On any given day, the Avanti Shopping Center at Camden and Kooser is gritty and glorious, a definitive crumbling suburban complex.
The property sprawls along Camden, with multiple parcels owned by multiple landlords going back generations. What’s left of a CVS store anchors one portion of the complex. Another piece of the center contains the Jungle Island family fun center, formerly a Fry’s grocery store, which dates back to the original 1970 strip mall. There’s also a 50-year-old Round Table Pizza.
As always, I showed up for the ghosts and the memories, but not just the video rental store and the clock repair place. You see, CVS is contemplating a scheme to wipe out its portion of the property—the structure and the parking lot—to build an affordable housing project. CVS stores are collapsing across the country, so I’m not surprised.
This time, I can’t think of any famous former inhabitant. I’m just glad the housing project appears to save my old high school Taco Bell. And this is where hot sauce comes in.
In those days, the hot sauce packets at Taco Bell were not the squeezable kind one sees today. They were square contraptions. You peeled off the top of the container and then poured it all over your enchirito. As a charade, people would pay me 25 cents to drink one of the hot sauce packets. I don’t remember how this started. This wasn’t a regular practice, but it happened a few times. It made the bland suburbanites laugh, so they gave me a quarter to down the little portion of sauce, which wasn’t even that spicy, to be honest.
As I revisited Avanti Center, those Taco Bell memories weren’t the only ones. In 2003, across the parking lot, I shuffled into a place called House of Chu, an old-school Chinese restaurant with a gloriously seedy cocktail lounge just to the left of the entrance. I needed to bang out a few hundred words for Metro’s Cheap Eats column and the Chinese chicken salad at that place was to die for. Smoking in bars was illegal, but the lounge area wasn’t following the law. People were smoking. No one cared.
“Do you play bass for the Grateful Dead?” a grizzled barfly in a golf hat asked me, as soon as I walked in. I ordered a $5 whopping portion of Maker’s Mark bourbon and told him no. I was waiting for my Chinese chicken salad. But the drinks were damn strong and I was an occasional bourbon dude in those days.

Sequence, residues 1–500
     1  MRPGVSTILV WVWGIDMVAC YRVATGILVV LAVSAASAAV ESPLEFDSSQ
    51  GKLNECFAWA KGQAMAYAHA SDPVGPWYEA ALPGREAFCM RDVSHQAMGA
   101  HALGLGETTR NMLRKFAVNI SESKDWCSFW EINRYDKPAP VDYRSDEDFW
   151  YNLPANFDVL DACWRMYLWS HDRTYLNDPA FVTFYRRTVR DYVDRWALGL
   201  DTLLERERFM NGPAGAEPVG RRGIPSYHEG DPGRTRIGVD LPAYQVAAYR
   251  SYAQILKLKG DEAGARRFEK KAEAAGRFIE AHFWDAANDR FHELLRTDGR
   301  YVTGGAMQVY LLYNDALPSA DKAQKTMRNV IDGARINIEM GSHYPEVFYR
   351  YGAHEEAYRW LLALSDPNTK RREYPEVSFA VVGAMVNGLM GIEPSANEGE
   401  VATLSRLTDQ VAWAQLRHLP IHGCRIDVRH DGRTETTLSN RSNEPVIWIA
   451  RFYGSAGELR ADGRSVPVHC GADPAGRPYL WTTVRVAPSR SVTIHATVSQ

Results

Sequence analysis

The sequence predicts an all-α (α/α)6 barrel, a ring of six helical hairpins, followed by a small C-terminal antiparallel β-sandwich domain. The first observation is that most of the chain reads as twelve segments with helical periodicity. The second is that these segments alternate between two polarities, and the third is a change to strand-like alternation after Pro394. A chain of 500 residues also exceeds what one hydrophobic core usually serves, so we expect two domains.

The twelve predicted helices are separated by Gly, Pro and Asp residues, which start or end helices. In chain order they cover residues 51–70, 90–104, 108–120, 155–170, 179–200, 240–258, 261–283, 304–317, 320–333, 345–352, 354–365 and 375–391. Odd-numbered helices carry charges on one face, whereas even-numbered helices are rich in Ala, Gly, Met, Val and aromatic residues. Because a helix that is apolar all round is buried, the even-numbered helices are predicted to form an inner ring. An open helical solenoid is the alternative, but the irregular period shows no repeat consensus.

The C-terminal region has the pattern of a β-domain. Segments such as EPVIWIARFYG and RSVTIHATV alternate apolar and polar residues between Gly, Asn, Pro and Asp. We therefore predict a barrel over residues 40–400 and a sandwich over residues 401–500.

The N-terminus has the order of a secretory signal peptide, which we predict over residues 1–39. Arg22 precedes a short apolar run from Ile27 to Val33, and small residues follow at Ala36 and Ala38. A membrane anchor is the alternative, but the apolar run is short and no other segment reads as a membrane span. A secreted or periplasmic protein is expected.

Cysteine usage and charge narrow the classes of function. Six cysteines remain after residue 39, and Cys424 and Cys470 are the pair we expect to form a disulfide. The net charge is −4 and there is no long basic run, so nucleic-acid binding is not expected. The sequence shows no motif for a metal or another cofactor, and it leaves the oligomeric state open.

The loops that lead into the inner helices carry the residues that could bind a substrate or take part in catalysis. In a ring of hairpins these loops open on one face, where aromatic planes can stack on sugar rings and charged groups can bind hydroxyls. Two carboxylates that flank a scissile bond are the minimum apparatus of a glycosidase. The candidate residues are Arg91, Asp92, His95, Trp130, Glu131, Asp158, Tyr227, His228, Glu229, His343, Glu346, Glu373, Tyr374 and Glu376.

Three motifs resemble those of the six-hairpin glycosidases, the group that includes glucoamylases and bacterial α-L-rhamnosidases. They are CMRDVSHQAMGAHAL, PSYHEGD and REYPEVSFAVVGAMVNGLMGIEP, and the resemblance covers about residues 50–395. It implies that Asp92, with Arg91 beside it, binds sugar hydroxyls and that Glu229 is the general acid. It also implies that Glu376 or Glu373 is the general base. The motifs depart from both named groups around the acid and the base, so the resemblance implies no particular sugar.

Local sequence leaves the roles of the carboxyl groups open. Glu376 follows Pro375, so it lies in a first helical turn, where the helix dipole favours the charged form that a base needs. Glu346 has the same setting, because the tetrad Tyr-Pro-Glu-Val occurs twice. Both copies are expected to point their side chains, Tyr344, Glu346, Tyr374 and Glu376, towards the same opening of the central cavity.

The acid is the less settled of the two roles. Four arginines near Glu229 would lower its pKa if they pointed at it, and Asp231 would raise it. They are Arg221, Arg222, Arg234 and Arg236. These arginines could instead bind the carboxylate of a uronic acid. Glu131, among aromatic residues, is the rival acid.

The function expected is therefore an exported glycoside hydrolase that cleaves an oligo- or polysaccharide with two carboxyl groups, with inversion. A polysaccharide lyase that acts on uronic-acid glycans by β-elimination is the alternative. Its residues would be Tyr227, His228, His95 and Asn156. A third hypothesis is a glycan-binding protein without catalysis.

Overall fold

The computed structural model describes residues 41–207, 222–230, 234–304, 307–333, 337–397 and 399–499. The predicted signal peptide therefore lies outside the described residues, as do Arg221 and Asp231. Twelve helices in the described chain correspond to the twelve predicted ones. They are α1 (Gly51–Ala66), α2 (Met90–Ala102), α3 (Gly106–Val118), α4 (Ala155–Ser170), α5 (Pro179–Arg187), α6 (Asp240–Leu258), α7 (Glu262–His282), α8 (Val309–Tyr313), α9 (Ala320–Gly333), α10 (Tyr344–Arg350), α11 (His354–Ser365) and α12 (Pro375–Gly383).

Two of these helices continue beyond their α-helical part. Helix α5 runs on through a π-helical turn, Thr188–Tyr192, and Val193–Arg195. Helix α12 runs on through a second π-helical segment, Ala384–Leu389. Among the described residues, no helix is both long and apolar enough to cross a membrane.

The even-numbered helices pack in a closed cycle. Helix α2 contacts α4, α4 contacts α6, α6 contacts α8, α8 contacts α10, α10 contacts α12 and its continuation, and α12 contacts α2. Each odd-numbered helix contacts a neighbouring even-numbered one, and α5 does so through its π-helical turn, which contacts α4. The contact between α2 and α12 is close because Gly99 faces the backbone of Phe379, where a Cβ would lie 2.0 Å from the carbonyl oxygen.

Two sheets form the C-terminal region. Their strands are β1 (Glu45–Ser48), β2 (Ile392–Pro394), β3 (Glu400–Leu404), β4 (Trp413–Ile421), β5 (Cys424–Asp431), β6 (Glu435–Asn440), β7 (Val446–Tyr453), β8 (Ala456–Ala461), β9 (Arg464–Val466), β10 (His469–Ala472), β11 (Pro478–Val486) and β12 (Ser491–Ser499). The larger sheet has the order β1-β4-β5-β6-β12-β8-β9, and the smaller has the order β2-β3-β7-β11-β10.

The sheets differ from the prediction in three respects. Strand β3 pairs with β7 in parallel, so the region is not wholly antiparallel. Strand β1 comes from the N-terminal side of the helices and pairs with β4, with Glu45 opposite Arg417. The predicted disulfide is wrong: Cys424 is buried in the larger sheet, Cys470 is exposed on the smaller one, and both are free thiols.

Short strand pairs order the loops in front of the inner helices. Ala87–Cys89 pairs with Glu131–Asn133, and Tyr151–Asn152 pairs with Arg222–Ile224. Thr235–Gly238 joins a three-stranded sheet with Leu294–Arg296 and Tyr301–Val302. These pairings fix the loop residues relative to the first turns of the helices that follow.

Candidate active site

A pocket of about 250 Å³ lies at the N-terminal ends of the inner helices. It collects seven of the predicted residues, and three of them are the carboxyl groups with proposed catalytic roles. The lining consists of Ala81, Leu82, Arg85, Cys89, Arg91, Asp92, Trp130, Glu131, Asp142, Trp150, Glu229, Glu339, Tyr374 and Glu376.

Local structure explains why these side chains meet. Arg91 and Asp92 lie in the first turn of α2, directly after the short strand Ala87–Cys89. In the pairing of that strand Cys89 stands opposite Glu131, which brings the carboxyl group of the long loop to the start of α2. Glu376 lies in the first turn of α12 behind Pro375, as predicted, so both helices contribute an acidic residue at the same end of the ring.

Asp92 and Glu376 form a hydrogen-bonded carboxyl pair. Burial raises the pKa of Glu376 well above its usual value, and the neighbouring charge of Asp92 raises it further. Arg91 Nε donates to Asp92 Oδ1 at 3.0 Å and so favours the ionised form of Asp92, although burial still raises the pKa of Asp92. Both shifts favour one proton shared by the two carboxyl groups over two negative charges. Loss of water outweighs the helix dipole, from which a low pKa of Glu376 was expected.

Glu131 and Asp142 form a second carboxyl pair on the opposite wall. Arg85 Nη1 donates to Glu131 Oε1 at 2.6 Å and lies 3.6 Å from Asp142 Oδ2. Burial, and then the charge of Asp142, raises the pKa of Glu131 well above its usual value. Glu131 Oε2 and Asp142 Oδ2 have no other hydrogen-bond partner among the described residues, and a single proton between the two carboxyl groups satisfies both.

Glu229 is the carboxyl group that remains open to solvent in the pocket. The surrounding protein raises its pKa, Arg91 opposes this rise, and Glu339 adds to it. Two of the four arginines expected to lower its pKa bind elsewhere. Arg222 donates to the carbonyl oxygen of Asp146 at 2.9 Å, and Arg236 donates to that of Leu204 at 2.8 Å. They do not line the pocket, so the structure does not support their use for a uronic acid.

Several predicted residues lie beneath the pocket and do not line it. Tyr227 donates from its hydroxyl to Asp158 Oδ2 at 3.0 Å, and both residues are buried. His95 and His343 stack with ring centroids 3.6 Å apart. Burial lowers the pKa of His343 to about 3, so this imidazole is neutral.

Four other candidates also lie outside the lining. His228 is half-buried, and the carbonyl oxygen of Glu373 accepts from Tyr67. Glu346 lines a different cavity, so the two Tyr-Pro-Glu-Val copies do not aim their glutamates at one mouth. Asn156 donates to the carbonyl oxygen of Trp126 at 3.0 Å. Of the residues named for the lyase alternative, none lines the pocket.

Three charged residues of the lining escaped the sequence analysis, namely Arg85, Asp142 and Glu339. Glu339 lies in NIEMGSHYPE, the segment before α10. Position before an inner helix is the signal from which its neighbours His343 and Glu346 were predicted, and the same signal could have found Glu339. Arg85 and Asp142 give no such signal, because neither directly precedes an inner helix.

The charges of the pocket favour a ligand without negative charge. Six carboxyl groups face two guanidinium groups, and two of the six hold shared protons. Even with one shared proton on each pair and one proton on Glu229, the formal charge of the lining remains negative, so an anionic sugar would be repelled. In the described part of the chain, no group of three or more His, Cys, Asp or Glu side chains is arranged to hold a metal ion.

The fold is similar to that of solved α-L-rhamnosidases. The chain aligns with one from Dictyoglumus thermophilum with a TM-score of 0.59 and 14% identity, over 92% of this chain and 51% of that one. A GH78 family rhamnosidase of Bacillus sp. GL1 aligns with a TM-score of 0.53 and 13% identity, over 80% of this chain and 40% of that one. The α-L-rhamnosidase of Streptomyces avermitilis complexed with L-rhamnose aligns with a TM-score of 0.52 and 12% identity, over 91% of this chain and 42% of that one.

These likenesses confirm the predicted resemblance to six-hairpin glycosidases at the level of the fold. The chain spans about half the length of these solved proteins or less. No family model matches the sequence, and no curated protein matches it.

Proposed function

Unfortunately, when I wrote the Cheap Eats piece, I referred to the old geezer’s hat as a baseball cap, which was wrong. He later corrected me when I returned a second time.
But that was then. House of Chu is long gone. A more vanilla place, Benedict’s, now occupies the same space. The bar area remains, although it’s less garish and less interesting.
The CVS, on the other hand, exudes despair. Inside, it looks like every other half-dead CVS. The carpets are clean and the shelves are stocked, but there are no customers. The sections of scratchy mismatched tile seem left over from when it was a Longs Drugs 25 years ago. Sure, if I needed shampoo, Almond Roca, cheap flip-flops, a coax splitter, iTunes gift cards, Stuart Woods paperbacks and 50 bottles of vitamin water, then I was in the right place.
To CVS’s credit, its side of the parking lot looked recently repaved. The other half was sun-cracked and destroyed. Palm trees highlighted the medians, where shopping carts were dumped on curbs.
Down the street toward Blossom Hill, aggressively mundane apartment complexes had names like Shamrock and Holly Oak. All of them were brown and beige. Detached tract houses dominated the rest of the scene. Anyone standing at Camden and Blossom Hill will conclude the neighborhood hasn’t evolved since 1979. It hasn’t. The only difference is the 27 bus now costs $2.50. In the ’70s, it was ten cents.
In the end, I can tell you about these things thanks to the Buddhist concept of dependent origination. The chain of karmic momentum has kept me in this town to supply an interconnected web of perspectives. I’m feeling saucier already.